Tuesday, 11 November 2008

Why prisoners should get the vote

In 2004, the European Court of Human Rights ruled that the UK's Representation of the People Act of 1983, which denies prisoners the right to vote, breached the European Convention on Human Rights. They ruled that prisoners, including lifers, should be free to vote in order for the country to have "free elections ... under conditions which will ensure the free expression of the opinion of the people in the choice of the legislature." However, for the past four years, the Government has ignored the ruling, listening instead to conservative voices that have vehemently opposed such a move.

However, on the 9th November, the Joint Committee on Human Rights warned the government that if prisoners cannot vote the next general election would be unlawful. The response to this announcement was, of course, the hysteria that dominates British politics. "They talk about prisoners’ rights – what about the people they maim and rob?" Demanded Lyn costello of the pressure group Mums Against Murder and Aggression, apparently unaware that the proposal doesn't involve preventing victims of crime from voting, insisting that punishment must mean "taking away their rights." Meanwhile, the Tories branded the idea "ludicrous," and claimed that we "have lost sight of the importance of balancing responsibilities."

It is important at this point to inject some perspective into the debate. Prisoners are not, despite conservative propaganda, kept in the lap of luxury, given Sky TV and computers, and insistently pandered to. Those who propagate this believe consistently overlook the fact that are prisons are now obscenely overcrowded, to the point where some prisoners are sleeping in the toilets, that there has been a forty per cent rise in the number of prison suicides, that bullying is rife, that number of babies born in prison has doubled in the last decade, and that the token attempts at rehabilitation and teaching new skills has been a massive failure. This is not to mention the recent condemnation of the UK by the UN for its policy on the jailing of children. Clearly, as much as the right would like to condemn our penal system as "soft" on crime, human rights abuses are rampant. More than this, as the reoffending rate and the availability of drugs in prisons demonstrates, prisons truly are the "universities of crime" that Pytor Kropotkin described them as.

So, giving prisoners the vote would be but a small step as far as improving our human rights record goes. It is, however, an important one, as it is a step in the right direction on several fronts. As well as opening up a dialogue about the treatment of prisoners with such a reform, it would also allow us to begin work towards a much more democratic system. As well as the central issue of voting that the First Past the Post system is unrepresentative of the will of the people (or, more accurately, even less representative than other forms of parliamentary democracy), the issue of prisoners voting highlights another flaw in our system. Convicts are not the only ones exempted from the right to vote. So, too, are members of the House of Lords, the Windsors, those guilty of election corruption, and the mentally disabled. Clearly, if we do not include all sections of society, no vote - even under perfect conditions and devoid of obstacles such as FPTP - can be considered legitimate or representative.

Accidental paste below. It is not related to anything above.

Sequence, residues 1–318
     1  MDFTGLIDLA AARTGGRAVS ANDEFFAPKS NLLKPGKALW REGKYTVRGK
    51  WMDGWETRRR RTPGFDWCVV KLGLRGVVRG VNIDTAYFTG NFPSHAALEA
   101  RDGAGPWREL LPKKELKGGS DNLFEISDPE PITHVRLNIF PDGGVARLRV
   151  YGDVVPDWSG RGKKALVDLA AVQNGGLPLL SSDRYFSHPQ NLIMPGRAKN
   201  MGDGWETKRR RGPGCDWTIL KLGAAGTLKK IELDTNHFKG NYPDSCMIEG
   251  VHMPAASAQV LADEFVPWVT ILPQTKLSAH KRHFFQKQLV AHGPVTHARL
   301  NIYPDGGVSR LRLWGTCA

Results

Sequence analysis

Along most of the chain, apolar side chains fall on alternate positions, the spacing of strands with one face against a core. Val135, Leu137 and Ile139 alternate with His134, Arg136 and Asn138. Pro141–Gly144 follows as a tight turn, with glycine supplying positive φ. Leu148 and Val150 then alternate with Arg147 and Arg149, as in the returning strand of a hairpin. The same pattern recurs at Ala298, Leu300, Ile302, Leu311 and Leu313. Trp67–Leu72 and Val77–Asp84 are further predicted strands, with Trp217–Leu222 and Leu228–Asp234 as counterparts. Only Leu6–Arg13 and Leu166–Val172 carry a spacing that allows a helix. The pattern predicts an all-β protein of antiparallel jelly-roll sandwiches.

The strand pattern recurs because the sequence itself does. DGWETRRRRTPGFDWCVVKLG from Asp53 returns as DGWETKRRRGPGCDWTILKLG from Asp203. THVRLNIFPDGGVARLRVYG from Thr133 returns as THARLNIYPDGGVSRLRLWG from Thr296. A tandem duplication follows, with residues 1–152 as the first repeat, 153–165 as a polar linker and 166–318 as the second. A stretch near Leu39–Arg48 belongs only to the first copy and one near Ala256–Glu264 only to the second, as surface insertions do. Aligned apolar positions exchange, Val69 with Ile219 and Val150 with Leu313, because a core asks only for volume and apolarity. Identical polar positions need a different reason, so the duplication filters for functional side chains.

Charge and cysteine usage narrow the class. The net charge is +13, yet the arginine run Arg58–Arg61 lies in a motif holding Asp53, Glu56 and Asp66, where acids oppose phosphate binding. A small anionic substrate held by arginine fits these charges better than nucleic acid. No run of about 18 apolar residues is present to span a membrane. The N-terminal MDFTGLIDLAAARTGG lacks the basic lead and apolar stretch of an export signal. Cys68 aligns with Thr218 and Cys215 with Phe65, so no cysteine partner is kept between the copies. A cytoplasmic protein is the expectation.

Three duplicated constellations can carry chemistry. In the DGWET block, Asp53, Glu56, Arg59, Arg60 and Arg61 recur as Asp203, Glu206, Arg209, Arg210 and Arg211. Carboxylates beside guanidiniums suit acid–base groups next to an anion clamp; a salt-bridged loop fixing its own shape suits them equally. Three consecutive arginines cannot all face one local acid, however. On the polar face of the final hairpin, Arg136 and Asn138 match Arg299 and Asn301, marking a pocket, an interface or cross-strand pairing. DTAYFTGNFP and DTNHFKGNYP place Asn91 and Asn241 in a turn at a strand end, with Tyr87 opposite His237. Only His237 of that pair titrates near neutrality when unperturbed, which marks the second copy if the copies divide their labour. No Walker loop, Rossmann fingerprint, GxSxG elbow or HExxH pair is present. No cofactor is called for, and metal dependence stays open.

As it doesn't affect the rights of victims in the slightest, outside of right-wing hysteria, and it's only potential effect on the penal system would be the positive one of aiding rehabilitation by letting those convicted of crime take a more active role in local and national affairs, the arguments against giving prisoners the vote are weak, at best. More than that, in a country striving towards a prison state, with protesters (including elderly "council tax rebels") and minor offenders amongst those incarcerated, denying the vote to prisoners doesn't merely exclude murderers, paedophiles, and rapists.

And, frankly, with the free public already leaning more and more to the right, and the British National Party's support on the rise, even allowing them to vote could hardly make things worse, now, could it?